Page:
DES MOINES — The expression “there’s more than one way to skin a cat” could have come from the legislative process in which lawmakers offer competing plans to achieve their sometimes shared priorities.
One way to skin the legislative cat is to tie two or more issues together to make it attractive enough to get at least 26 votes in the Senate and 51 in the House.
For example, Gov. Terry Branstad, a former legislator himself, has tried to link lawmakers’ support for funding school infrastructure to his goal of addressing water quality before a court tells the state how to do that.
There doesn’t seem to be much support for Branstad’s “rob Peter to pay Paul” approach. He has proposed extending SAVE, the Secure an Advanced Vision for Education — formerly known as the statewide school infrastructure sales and services tax — for 20 years, but scooping some of the growth in revenue to raise about $5 billion for water quality projects.
House Speaker Pro Tempore Matt Windschitl, R-Missouri Valley, told a roomful of lobbyists and lawmakers last week “there does not seem to be widespread support to take money from SAVE to address water quality at this point.” So he’s “divorced” the water quality initiative from the school tax
That hasn’t stopped others from offering plans to fund water quality improvements. For some, it’s the right thing to do. For others, it’s an attempt to avoid a court-ordered cleanup that could happen the Des Moines Water Works prevails in a lawsuit against three northwest Iowa counties it alleges are responsible for high nitrate levels in the Raccoon River, one of the city’s sources of drinking water.
Sen. Rob Hogg, D-Cedar Rapids, who wants to become a U.S. senator, is proposing to take $90 million from the state’s ending balance to implement three targeted regional watershed programs, including the Raccoon, to address the nitrate problem.
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Democratic Reps. Marti Anderson of Des Moines and Chuck Isenhart of Dubuque rolled out a plan create a private-public partnership with agriculture producers voluntarily assessing themselves a water quality checkoff fee similar to those that fund research and marketing of beef, pork and other commodities. Senate Ways and Means Committee Chairman Joe Bolkcom, D-Iowa City, also has a plan to tap the checkoffs. And there’s a plan to divert sales taxes on water utility sales to create a revolving loan fund for water quality.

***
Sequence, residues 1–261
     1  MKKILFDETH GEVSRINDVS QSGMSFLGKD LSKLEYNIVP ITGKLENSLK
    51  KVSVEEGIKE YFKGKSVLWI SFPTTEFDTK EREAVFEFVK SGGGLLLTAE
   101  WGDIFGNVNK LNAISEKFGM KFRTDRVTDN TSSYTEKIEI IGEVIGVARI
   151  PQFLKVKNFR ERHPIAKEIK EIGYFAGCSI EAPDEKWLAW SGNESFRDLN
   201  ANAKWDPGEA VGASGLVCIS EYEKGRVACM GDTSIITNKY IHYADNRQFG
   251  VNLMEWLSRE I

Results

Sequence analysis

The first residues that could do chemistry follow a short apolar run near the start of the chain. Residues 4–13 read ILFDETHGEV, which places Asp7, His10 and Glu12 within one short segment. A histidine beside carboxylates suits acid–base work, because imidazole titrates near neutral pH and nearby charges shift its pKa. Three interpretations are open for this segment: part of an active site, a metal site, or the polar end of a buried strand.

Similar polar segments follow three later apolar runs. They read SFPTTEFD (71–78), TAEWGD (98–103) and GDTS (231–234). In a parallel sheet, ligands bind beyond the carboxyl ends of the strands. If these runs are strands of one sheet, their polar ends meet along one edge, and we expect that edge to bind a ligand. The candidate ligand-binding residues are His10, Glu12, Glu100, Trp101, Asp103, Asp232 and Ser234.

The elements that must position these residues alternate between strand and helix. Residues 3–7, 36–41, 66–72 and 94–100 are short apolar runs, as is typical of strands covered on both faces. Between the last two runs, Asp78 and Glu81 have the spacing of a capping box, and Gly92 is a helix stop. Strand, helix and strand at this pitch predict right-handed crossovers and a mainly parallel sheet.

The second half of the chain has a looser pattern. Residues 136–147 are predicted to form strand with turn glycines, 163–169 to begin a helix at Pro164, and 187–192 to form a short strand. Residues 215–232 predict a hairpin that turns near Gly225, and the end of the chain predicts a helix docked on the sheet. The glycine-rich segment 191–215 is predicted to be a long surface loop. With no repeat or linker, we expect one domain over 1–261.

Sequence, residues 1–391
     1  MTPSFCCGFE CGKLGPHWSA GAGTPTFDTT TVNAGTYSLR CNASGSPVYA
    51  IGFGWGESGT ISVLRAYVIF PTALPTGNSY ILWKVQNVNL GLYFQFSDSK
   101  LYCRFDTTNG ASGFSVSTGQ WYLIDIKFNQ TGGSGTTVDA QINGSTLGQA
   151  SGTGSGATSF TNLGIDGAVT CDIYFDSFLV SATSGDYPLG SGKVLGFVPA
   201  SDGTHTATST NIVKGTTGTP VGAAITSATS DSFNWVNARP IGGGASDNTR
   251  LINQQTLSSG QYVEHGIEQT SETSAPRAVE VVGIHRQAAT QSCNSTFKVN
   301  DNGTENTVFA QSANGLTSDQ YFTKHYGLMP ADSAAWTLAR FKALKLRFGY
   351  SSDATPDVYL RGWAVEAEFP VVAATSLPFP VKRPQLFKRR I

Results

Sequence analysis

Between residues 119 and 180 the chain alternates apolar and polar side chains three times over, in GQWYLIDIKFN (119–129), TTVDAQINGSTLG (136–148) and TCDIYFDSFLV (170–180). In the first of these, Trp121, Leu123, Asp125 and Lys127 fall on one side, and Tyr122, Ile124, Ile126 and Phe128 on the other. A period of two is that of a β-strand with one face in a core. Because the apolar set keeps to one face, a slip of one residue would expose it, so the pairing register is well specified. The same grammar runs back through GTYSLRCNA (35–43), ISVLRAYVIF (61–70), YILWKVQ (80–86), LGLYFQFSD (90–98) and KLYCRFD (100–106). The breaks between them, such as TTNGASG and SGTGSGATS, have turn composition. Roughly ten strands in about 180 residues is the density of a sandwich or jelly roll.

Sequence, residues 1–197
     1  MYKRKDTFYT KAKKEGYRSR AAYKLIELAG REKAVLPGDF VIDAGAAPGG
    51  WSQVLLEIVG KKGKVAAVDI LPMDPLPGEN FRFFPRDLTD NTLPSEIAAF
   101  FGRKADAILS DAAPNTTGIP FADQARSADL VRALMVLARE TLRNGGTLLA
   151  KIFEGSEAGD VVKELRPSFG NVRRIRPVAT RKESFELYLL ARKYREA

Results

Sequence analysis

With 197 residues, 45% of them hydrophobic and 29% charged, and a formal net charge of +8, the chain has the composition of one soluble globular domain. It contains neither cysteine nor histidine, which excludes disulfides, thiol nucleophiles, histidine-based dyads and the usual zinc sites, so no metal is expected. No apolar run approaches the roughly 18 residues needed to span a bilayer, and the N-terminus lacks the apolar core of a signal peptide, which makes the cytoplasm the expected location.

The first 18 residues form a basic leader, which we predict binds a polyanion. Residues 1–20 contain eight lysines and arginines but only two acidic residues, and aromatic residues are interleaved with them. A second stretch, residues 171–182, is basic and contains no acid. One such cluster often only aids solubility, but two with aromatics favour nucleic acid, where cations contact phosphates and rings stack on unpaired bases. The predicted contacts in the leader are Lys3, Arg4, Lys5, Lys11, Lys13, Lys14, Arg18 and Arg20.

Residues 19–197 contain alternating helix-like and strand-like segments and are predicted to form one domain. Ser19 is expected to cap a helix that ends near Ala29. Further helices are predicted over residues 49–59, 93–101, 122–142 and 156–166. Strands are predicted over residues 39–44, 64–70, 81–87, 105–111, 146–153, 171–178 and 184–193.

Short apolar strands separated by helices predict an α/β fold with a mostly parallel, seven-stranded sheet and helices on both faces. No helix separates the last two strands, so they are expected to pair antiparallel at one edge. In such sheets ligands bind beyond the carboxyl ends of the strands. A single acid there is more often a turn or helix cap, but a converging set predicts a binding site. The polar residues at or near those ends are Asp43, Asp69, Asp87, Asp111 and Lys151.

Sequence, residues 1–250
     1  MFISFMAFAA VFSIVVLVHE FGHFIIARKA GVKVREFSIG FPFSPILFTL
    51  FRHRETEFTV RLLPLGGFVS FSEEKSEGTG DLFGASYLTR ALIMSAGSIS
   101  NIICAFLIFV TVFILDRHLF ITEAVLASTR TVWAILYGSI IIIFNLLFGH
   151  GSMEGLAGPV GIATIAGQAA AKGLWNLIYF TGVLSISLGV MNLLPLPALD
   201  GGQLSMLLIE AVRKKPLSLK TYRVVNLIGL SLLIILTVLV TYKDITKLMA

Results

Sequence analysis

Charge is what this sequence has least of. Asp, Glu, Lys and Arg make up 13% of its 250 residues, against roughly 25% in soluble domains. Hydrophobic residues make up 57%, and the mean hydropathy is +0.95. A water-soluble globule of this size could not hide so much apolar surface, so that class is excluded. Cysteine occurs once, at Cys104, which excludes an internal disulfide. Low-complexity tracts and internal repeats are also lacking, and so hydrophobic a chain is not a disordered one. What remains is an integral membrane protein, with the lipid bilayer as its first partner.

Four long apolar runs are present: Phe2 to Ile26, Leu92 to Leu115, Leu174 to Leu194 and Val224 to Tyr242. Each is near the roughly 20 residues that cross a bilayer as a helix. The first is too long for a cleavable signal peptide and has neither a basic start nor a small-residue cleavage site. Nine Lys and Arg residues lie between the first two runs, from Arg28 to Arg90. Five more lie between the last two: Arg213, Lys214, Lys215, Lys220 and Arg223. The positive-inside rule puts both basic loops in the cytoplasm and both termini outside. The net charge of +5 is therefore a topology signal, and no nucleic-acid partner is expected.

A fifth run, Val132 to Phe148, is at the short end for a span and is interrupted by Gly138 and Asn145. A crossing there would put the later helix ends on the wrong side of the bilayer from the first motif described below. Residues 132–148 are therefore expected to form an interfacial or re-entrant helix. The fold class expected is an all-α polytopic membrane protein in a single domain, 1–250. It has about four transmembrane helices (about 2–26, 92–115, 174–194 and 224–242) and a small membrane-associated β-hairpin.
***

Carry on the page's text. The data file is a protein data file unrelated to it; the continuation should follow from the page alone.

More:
The most recent suggestion comes from Rep. Beth Wessel-Kroeschell, D-Ames, and six other House Democrats. They’ve proposed letting voters raise the local-option sales tax in their county to fund water quality. Interestingly, that’s pretty how SAVE started.
“Water quality is not just a state issue,” Wessel-Kroeschell said. Plus voters might take a less partisan approach than legislators when it comes to approving their tax dollars being used to clean up their waters.
Branstad appreciates the input, but he’s holding out hope for his plan, but focusing on what’s possible this year.
“This is a framework and we’re going to be flexible” he said. “If we can make some progress this year, we’ll keep working on a more long-term solution.”